Training Load and Injury

Injuries. We see a lot. Dealing in the management and prevention of injuries has exposed those of us here at The Injury Clinic to an enormous amount. Every injury is different, because every client is different. Their injuries respond in different ways, recover in different ways and occur in different ways. When looking at athletic injuries, training load is a huge contributor to injury risk. We are finding that increasingly often, load is not appropriately managed. This will increase risk of injury significantly. Appropriate load management is not easy. Regardless of whether you’re managing your own training, or you are under the guidance of a coach, there are a few key things to keep in mind.

*When we speak of ‘athletic injuries’ we are referring to any injury sustained whilst either training for or competing in a sport. It is applicable to athletes of all levels, from recreational to elite.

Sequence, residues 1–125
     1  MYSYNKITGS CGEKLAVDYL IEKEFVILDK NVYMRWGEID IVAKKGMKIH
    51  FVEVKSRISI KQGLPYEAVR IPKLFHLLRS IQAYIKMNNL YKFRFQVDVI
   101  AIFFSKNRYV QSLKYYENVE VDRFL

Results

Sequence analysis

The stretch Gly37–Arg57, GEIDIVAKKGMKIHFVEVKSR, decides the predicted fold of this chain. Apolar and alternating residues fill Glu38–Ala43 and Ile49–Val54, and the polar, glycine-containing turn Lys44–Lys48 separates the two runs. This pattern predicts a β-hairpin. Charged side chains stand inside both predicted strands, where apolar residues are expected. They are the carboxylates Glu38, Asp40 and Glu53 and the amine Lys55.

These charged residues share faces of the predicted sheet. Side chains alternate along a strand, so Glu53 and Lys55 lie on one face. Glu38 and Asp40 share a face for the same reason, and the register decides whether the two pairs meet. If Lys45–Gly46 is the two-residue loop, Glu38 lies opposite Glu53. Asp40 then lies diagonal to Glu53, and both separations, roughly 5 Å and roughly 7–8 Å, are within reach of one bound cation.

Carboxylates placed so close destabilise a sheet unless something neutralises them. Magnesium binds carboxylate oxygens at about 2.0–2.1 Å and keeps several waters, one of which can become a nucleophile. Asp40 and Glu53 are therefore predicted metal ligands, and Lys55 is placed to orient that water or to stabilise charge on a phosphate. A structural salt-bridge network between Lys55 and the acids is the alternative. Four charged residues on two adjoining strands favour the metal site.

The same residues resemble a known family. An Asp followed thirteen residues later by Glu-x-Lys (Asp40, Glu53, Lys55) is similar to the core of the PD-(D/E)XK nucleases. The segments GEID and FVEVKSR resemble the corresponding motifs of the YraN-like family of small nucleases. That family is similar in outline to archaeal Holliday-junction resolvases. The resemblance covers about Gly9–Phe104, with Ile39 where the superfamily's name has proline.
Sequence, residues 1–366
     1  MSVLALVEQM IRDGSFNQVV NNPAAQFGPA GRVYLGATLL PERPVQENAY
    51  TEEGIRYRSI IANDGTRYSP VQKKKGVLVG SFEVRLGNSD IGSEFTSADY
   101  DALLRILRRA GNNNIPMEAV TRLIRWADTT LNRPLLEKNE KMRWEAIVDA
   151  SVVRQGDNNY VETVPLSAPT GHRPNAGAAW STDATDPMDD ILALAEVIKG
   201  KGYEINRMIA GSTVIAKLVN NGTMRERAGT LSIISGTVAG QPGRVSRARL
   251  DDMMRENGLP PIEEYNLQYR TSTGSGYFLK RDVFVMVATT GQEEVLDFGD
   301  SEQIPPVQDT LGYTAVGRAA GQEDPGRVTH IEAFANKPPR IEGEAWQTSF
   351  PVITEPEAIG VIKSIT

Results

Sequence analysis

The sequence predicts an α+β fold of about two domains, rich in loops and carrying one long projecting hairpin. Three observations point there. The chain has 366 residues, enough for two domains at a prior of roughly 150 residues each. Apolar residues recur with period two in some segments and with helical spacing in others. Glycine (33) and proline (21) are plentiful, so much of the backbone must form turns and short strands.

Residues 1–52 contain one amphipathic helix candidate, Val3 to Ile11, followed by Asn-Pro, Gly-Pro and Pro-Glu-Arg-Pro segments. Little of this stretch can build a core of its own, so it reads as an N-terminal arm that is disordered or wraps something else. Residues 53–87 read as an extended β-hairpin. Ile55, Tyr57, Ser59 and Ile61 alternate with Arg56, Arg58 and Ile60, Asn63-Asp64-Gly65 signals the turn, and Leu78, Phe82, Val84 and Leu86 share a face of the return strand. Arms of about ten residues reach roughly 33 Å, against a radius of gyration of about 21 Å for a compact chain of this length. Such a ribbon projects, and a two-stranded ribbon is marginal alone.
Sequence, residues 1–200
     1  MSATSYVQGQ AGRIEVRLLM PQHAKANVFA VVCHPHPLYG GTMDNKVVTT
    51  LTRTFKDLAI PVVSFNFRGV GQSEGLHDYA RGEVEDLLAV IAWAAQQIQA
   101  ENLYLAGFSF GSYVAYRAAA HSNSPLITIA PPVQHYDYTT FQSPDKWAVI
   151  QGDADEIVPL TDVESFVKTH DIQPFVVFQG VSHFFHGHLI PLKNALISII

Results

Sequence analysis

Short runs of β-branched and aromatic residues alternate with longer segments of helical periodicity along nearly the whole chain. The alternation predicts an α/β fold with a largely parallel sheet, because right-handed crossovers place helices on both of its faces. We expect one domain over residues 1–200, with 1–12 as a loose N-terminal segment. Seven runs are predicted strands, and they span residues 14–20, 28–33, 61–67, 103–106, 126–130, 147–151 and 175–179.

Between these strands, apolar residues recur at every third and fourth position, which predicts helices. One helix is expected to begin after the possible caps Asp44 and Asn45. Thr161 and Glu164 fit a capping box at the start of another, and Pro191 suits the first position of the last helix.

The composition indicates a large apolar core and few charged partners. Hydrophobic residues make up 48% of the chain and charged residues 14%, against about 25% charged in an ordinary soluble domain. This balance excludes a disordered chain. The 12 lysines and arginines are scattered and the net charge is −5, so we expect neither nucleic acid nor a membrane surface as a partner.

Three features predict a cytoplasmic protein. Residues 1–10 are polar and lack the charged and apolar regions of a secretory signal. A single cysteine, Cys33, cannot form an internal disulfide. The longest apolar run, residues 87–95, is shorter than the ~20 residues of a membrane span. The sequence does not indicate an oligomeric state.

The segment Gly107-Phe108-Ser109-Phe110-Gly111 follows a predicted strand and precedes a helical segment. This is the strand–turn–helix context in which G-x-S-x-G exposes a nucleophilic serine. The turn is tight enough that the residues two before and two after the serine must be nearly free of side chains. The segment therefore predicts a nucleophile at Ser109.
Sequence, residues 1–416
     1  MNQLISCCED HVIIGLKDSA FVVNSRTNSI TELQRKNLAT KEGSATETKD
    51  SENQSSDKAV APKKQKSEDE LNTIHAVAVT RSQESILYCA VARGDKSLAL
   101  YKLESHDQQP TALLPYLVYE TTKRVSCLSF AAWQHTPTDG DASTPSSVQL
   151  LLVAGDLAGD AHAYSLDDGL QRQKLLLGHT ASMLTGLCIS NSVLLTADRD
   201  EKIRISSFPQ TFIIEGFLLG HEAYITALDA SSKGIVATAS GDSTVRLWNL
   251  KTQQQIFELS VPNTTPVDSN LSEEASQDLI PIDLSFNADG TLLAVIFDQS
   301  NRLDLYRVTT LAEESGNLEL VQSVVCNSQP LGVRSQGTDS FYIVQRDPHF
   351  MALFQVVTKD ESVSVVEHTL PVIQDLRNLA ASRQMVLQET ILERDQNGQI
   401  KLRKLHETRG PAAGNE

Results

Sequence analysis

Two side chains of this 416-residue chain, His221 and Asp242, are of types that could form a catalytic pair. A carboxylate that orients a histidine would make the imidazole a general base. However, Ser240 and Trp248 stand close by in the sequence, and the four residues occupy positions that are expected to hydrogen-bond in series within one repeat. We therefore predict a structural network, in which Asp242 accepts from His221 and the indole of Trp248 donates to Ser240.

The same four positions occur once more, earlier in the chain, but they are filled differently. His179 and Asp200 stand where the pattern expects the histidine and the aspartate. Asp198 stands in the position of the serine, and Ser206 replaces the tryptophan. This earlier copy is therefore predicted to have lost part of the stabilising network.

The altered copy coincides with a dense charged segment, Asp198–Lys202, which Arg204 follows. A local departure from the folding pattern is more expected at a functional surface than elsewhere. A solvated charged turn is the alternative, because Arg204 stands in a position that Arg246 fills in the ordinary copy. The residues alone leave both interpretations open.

1. There is a definite association between training load and injury risk, but it’s not a simple one.

Every athletic injury is sustained while athletes are exposed to training and/or competition workloads. There are a number of things to consider when looking that the relationship between load and injury, it’s not just a matter of the progression of weekly mileage.

Important considerations include: intrinsic and extrinsic risk factors, internal and external load, acute: chronic load ratio etc.

It’s not as simple as the higher the load the greater the risk.